5 Ways to Winterize Your Home and Save

As you start digging winter coats and hats out of your basement in preparation for winter, you should also consider prepping your house for the seasonal changes to come.

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While attempts to keep your house warm throughout the winter can be tough on your wallet, it doesn’t always have to be that way. Here are a few ways you can winterize your home and possibly save on energy bills.

1. Reverse Your Ceiling Fans

There can be an unexpected benefit to reversing your ceiling fans from counterclockwise (in the summer) to clockwise (in the winter) to make your home more comfortable and save money on energy bills. The reasoning involves the way hot and cold air move.

During the summer, when your home is warm, a fan’s blades work to push air down onto people in a room, resulting in a direct cooling sensation. Pushing down cool air means that you help give your air conditioner — and its additions to your electric bill — a welcome break.

When the chill of winter creeps in, running a fan clockwise pulls warm air up, pushing it against the ceiling, down the walls and circulating it around the room. Instead of having a radiator or heating system’s warm air sit isolated in certain parts of the room, a fan, running clockwise, will circulate that air, keeping the room warmer and requiring less work from the heating system. Who would have guessed such a simple trick could be a great tactic for winterizing your home?

2. Block Drafts

Again, cold air could prove to be a major strain on your budget during the winter. Preventing it from getting into your house in the first place is an easy way to avoid possible associated heating costs.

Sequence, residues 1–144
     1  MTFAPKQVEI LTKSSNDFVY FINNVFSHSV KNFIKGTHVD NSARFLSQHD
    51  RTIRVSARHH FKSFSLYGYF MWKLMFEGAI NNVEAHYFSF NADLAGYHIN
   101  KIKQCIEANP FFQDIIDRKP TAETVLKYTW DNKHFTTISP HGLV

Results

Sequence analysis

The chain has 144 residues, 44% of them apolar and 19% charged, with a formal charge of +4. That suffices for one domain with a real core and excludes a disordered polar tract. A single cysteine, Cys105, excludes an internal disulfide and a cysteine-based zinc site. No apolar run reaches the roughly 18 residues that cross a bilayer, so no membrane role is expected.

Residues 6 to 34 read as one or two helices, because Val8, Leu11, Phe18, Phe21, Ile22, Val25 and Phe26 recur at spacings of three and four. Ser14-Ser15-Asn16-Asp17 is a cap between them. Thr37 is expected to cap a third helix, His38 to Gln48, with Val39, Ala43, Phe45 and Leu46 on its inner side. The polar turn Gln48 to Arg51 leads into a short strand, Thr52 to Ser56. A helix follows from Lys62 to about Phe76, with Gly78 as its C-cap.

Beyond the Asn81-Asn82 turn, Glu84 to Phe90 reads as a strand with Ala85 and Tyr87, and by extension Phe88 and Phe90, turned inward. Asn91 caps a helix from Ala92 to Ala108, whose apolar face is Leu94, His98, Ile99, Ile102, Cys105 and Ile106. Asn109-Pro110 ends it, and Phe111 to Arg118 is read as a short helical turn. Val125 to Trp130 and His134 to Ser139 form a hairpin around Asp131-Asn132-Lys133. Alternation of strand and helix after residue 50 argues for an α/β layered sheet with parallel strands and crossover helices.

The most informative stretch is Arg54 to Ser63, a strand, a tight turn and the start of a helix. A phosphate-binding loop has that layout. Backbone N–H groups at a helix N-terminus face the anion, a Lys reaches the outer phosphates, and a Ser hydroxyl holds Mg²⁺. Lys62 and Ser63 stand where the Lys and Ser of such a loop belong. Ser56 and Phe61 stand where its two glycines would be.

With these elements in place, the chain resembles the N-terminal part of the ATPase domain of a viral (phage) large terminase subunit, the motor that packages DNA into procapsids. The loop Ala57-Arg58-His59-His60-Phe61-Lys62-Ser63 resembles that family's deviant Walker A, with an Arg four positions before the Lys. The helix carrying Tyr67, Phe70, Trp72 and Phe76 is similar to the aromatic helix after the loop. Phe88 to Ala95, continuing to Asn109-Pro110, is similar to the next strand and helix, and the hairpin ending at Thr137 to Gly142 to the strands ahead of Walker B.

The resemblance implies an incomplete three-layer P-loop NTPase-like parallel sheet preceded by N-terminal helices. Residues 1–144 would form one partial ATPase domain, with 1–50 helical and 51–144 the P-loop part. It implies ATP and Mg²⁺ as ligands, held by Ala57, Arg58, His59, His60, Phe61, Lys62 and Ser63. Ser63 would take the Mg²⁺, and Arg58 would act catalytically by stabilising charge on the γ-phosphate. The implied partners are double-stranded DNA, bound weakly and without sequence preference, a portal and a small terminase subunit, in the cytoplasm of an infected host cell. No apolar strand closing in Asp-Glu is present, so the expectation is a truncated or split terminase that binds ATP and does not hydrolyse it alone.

One way to block cold air is to outfit each door with a draft blocker. Fairly simple — and inexpensive — draft blockers (also known as draft stoppers) add an additional barrier to cold air that’s trying to enter your home. Try to purchase one that offers equal blockage on both sides of the door for to potentially maximize your savings.

3. Tune up Your Heating System

When it’s running daily throughout the winter, your heating system could accumulate dirt and grime that can negatively affect performance efficiency — and more strain on your system could equal a higher heating bill. To make sure your heater is at its most efficient for the winter months, call your heating system’s manufacturer and ask for a maintenance visit. A quick tune-up could save you thousands of dollars in fuel, which is why it could be beneficial to add this to your yearly home winterizing checklist.

4. Install Double-Paned Windows

Most houses lose a fair amount of heat through their windows, so increasing your windows’ insulation potential could be an easy way to keep cold air out (and heat in) during the winter. Double-paned windows accomplish this by adding an internal air barrier between your home and the outside chill. Plus, they’ll have a similar effect during the summer, helping keep cool air from your air conditioner inside the home.

5. Utilize a Smart Thermostat

Smart thermostats make the most of your heating system by learning and automating your heating habits. Say you always turn your heat up in the morning, down in the afternoon and up again at night. A smart thermostat will recognize this trend and automatically adjust the heating system throughout the day.

Some smart thermostats even physically detect when you’re home, regulating heat accordingly. And, if you know you’re going to be away for a while, you can control heat from your phone, eliminating wasteful use of your heater. This is one way to winterize your home that can be convenient and money-saving.

A bit of preparation now can help your home — and its inhabitants — stay warm and cozy all winter long.

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Legal Disclaimer: This site is for educational purposes and is not a substitute for professional advice. The material on this site is not intended to provide legal, investment, or financial advice and does not indicate the availability of any Discover product or service. It does not guarantee that Discover offers or endorses a product or service. For specific advice about your unique circumstances, you may wish to consult a qualified professional.

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